What’s a sugar maple tree have to do with raising animals on pasture? A lot, as it turns out.
Trees play a major role on our farm — they provide food, shade, beauty, and more — and we’re planting more all the time. In fact, we’re planting right now. This month, we want to pause and share what trees offer a diverse family farm.
Last weekend, we had a heavy frost — and yesterday (April 30), two days later, it was above 80 degrees. That’s quite an adjustment for our sheep. We raise Katahdins. They are “hair” sheep — a breed that sheds their wool naturally. The only problem is that they don’t shed all at once, and they still have some of their winter coats.
We move our sheep (and all of our animals) to new parts of the pasture every day or so. We’ve built a mobile shade shelter on wheels that two people can push to the next paddock for shade. They utilize the shade shelter, but they’re clearly happier when their paddock includes trees and real shade. We like working in the shady paddocks, too. We’re planting more trees in our current pasture and our new pasture to add more shade for the future!
Show me a Hoosier who doesn’t like persimmon pudding (or at least the whipping cream that goes with it), and I’ll be surprised. We’ve learned that our pigs also like persimmons (they are almost pure sugar, so we shouldn’t have been surprised). We’ve planted about 400 native persimmons into our current pasture for future pig food.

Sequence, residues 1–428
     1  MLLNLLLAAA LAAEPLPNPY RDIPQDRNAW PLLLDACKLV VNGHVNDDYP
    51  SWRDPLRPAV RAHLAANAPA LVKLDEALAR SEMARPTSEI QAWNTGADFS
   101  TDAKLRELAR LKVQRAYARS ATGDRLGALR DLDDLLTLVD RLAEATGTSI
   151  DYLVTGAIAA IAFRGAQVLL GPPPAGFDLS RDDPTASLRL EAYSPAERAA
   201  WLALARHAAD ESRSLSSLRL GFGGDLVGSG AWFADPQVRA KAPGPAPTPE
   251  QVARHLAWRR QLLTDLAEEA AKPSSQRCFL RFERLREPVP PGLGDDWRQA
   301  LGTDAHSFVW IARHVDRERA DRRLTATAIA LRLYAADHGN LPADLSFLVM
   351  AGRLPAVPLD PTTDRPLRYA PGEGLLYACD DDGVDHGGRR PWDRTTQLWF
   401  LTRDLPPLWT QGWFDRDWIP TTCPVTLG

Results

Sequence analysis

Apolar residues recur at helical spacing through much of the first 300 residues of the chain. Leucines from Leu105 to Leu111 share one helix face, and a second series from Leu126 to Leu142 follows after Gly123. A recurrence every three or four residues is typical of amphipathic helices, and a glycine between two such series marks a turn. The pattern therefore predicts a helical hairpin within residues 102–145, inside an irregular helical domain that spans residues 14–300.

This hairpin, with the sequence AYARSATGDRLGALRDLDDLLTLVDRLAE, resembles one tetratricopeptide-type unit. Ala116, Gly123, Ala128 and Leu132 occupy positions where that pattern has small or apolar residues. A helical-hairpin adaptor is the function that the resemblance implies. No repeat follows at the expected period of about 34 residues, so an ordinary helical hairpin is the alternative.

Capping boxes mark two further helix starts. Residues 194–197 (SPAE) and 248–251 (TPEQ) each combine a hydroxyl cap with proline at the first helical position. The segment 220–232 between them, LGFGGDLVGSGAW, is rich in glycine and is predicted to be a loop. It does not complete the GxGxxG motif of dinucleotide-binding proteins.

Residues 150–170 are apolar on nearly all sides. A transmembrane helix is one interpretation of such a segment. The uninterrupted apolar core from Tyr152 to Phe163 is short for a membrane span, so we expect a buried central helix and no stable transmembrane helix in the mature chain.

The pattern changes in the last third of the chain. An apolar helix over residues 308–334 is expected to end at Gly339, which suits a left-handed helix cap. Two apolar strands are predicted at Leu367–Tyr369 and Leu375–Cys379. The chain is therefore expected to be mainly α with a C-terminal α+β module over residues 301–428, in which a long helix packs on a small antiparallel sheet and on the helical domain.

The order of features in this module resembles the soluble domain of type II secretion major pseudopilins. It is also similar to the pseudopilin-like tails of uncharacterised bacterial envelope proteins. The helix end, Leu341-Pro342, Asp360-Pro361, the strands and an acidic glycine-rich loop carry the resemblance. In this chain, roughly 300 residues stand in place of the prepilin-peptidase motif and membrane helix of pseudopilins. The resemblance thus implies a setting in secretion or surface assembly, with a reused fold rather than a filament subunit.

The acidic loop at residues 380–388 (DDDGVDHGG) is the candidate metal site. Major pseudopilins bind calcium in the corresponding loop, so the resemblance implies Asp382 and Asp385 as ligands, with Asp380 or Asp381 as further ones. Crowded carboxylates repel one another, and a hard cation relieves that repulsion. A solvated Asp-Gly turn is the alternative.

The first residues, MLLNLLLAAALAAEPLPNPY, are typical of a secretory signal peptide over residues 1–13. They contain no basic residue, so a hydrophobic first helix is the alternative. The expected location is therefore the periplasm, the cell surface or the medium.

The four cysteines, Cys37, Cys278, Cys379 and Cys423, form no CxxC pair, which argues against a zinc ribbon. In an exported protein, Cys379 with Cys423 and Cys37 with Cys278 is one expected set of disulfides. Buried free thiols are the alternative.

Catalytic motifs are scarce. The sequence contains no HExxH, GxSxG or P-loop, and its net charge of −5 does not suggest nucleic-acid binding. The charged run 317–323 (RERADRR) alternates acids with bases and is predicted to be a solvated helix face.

We’ve also planted elderberry (for tinctures during flu-season), and we tap our sugar maple trees (for maple syrup). These products aren’t something we’ll sell anytime soon: we just don’t have enough elderberry plants or sugar maple trees. But that’s okay. Growing things just for fun and for ourselves is a good reminder that a diverse family farm isn’t solely about generating income.
That said, we have to generate income of most of our crops, of course, and trees are a part of our long term plan for success.
Next year, we hope to plant about 100 “cultivars” (varieties that have been bred for commercial production) in our new pasture. We hope that, in about 10 years, we’ll have a marketable product that we can sell. Indiana is unique in that we’re the only state with an abundance of persimmon processors — that’s folks with the equipment to process whole persimmons into pulp in bulk. We’ve used hand mills to separate the seeds for years, but to sell 100 trees worth of persimmons requires equipment and demand. We’re excited that Indiana offers both.
We’re also starting to plant more elderberries. We hope to sell to winemakers or folks making health products. Elderberries grow quickly, so we can have our first crop after just a year or two.
We have a few other ideas up our sleeves, but we’ll get to that another day. The moral of the story is that the potential income from trees is another way that we can make wise use of our land, and it’s complimentary to our livestock business.
Last but certainly not least, our trees provide beauty. The changing colors, the birds singing from their branches — there’s an endless list of why we value having trees on our farm. They make this farm a refuge and a joy: a place where we raise food and make our living — but also a place where we make our life.